Sunday, June 4, 2017

ex post facto reduction

A sensible therapeutic approach might be to ask for examples.  What sort of ambitions do I imagine being successful?  At first, I panic as the self-doubt hits.  Am I making this up?  Just some nonsense rambling that I can't even substantiate?

I don't know why I do that to myself.  A second later, I remember that just yesterday, I had such thoughts.  A meme came through my feed about J.K. Rowling, and what a rough life she had.  Dysfunctional in numerous ways, before she started writing, when she was in her thirties.  Writing was one of the very first ambitions I had, often recurring because it makes sense on a number of levels.  

I'm not saying that I'd be the next J.K. Rowling, but I could probably write competently and creatively enough to make some money at it.  I start thinking of specifics, the sort of writing I'd want to do.  How I could skillfully weave politics and philosophy into it.  Fantasy or sci-fi, with some emotional depth to it.  Maybe I'd even be exceptional at it.

When I say I, that is, the I that I would be, if I were not the I that I am.  If only I could just tweak my brain a little.. because yeah, I know.  Come on, do it.  Of course you can do it.  At least just fucking TRY.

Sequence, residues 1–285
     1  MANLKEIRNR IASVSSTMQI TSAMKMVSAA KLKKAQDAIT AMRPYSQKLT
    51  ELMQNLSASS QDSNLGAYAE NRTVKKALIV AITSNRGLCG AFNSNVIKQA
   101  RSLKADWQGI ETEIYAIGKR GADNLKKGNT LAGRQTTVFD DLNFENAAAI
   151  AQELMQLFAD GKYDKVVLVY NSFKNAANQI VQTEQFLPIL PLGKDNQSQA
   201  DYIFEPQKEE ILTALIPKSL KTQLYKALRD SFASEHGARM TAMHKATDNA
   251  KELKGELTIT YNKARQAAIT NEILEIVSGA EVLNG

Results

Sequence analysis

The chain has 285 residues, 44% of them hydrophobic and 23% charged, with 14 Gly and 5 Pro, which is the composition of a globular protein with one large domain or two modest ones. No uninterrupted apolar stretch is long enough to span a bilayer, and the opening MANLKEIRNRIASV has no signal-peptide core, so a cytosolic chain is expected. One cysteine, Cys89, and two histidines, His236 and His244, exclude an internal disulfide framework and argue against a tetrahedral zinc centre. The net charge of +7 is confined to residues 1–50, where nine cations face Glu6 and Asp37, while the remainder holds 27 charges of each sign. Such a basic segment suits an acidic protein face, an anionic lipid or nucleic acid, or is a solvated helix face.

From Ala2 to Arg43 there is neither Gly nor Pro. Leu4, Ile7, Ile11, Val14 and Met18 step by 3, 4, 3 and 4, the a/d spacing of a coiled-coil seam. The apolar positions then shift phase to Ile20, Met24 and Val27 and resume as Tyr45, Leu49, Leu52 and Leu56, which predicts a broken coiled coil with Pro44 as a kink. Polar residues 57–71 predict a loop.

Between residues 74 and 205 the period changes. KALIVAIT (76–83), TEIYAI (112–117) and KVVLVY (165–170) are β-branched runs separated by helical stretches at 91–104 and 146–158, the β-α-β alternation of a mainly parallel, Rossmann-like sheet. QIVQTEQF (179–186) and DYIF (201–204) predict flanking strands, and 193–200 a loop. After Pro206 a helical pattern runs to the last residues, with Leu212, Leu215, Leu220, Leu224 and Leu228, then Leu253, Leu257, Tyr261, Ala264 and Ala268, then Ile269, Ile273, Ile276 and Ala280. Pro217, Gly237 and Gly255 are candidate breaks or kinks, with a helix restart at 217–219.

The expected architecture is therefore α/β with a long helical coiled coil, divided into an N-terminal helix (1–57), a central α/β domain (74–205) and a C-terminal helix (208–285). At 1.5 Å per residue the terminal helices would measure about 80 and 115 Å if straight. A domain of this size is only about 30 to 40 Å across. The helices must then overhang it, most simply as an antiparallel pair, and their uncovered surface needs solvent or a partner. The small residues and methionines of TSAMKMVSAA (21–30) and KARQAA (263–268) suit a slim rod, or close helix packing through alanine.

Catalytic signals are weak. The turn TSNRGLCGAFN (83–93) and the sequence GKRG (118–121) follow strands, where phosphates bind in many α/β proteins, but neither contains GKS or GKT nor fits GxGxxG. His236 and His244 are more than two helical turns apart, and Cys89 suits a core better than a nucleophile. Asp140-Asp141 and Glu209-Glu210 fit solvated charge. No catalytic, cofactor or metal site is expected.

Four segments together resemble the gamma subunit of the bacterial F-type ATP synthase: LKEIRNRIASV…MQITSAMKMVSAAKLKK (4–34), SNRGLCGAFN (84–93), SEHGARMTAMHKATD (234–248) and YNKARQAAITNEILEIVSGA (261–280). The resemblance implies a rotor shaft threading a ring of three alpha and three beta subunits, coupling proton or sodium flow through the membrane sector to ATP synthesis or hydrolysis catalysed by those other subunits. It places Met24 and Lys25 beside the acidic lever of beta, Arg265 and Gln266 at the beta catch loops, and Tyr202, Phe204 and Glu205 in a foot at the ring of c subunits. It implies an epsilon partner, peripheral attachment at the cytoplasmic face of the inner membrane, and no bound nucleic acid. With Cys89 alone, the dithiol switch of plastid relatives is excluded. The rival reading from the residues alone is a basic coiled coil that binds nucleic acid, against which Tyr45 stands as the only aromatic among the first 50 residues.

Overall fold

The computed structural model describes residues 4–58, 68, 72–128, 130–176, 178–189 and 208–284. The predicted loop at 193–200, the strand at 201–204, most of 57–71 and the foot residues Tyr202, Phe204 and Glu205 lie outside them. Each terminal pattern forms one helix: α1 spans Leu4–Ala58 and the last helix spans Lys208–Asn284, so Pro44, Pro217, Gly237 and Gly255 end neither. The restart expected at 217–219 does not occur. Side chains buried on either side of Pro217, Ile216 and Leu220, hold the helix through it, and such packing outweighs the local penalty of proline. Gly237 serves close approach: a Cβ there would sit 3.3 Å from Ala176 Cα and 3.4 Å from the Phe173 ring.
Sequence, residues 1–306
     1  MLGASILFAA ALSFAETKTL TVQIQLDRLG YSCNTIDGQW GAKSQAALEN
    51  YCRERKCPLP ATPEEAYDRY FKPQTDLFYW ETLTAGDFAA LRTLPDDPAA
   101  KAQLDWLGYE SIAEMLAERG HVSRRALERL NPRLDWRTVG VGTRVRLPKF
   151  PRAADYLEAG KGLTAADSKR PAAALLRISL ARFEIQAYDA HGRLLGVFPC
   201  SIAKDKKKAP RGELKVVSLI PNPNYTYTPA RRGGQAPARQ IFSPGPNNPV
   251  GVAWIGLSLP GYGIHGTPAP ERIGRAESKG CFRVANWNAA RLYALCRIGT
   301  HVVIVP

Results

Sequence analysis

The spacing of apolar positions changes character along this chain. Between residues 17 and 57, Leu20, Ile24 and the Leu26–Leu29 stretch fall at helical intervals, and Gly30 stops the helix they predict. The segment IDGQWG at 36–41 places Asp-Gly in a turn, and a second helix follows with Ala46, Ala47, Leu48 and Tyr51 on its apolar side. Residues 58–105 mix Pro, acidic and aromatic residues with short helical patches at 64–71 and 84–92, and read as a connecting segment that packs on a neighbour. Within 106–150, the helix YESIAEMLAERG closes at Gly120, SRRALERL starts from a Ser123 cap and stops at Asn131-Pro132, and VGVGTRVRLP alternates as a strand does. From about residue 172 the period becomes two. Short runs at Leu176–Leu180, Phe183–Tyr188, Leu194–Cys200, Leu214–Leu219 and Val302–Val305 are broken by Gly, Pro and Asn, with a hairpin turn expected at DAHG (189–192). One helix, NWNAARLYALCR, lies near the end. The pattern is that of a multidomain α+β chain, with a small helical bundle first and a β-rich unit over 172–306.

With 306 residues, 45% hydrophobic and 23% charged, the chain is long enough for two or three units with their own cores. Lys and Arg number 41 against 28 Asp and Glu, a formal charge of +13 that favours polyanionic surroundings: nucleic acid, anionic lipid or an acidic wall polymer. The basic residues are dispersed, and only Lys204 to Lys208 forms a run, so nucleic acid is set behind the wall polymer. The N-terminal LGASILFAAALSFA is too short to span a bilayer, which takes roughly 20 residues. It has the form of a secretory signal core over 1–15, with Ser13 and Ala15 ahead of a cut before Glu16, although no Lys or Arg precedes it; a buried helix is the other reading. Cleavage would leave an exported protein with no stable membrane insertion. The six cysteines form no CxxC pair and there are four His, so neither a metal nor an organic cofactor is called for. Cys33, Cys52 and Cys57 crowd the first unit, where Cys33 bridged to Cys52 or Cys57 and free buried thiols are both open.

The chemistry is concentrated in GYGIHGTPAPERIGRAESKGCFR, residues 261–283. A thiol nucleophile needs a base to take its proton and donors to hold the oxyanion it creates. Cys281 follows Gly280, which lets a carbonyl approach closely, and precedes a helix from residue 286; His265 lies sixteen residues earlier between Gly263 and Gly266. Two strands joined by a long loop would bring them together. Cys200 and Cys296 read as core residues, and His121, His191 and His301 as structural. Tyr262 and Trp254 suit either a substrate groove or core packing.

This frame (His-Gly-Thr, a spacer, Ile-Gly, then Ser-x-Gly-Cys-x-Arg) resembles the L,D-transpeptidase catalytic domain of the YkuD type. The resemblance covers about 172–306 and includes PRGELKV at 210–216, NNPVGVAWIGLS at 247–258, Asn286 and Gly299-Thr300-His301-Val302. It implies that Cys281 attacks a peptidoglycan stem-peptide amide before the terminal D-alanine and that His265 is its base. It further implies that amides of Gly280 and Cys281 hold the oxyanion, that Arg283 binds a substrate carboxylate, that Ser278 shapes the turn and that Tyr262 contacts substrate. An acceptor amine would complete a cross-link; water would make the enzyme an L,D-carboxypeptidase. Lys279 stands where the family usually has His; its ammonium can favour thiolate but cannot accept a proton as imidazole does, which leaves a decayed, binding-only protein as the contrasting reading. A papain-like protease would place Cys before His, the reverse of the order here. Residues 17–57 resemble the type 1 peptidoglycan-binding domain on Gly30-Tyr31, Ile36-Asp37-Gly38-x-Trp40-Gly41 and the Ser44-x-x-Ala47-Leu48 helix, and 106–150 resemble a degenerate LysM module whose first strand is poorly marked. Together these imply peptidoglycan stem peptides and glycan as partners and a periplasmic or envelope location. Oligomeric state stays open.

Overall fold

but no.  Apparently not.

What does it mean to expect to fail.. it means anticipating that there will be no reward.  It means ego or the default mode net,  or whatever we want to call it, trying to make sense of what's missing.  An ex post facto fabrication that explains it all in terms that make sense, on a more intuitive level.  We say "what's the point" or "I'm not good enough" to explain to ourselves why the machinery isn't doing what it's supposed to do.

It doesn't end there, however.  How we think and explain things to ourselves does make its way back into the depths of the machinery, and can exert influence on its workings, but how much, its hard to say, and it varies.  If we beat ourselves up over a mistake, even if it wasn't really our fault, we might be more careful next time, and despite all that, keep it from happening again.  Or, we might demoralize ourselves to the point of never trying again.

There are better and worse ways of going about that, but it varies from one individual to the next.  We exert influence, but can't measure its impact, except by experience.  We can learn that our efforts are either self-actualizing, or self-defeating, depending on which chemical reactions occur when we've done anything.  We can still get it all wrong, learn all the wrong lessons, but that's just the outcome of a whole other set of chemical reactions and experiences.

Amidst all these factors, we could theoretically know physiology well enough to understand what's optimal.  We can try to help everyone get there, as many already are, naturally.  Bones break because of all sorts of reasons, too.  Nutrient or hormone deficiencies, genetics, exercise.  If anything is clearly lacking, it's not rocket science to try to do something about that, so that our bones will be less likely to break.  If they do break, we take some basic steps to help it repair, so that we won't become permanently crippled.



The mind, like our bones, is just as physiological, but that's not to say there aren't all sorts of things involved in the health of either.  We just don't understand the mind quite as well, yet.

No comments: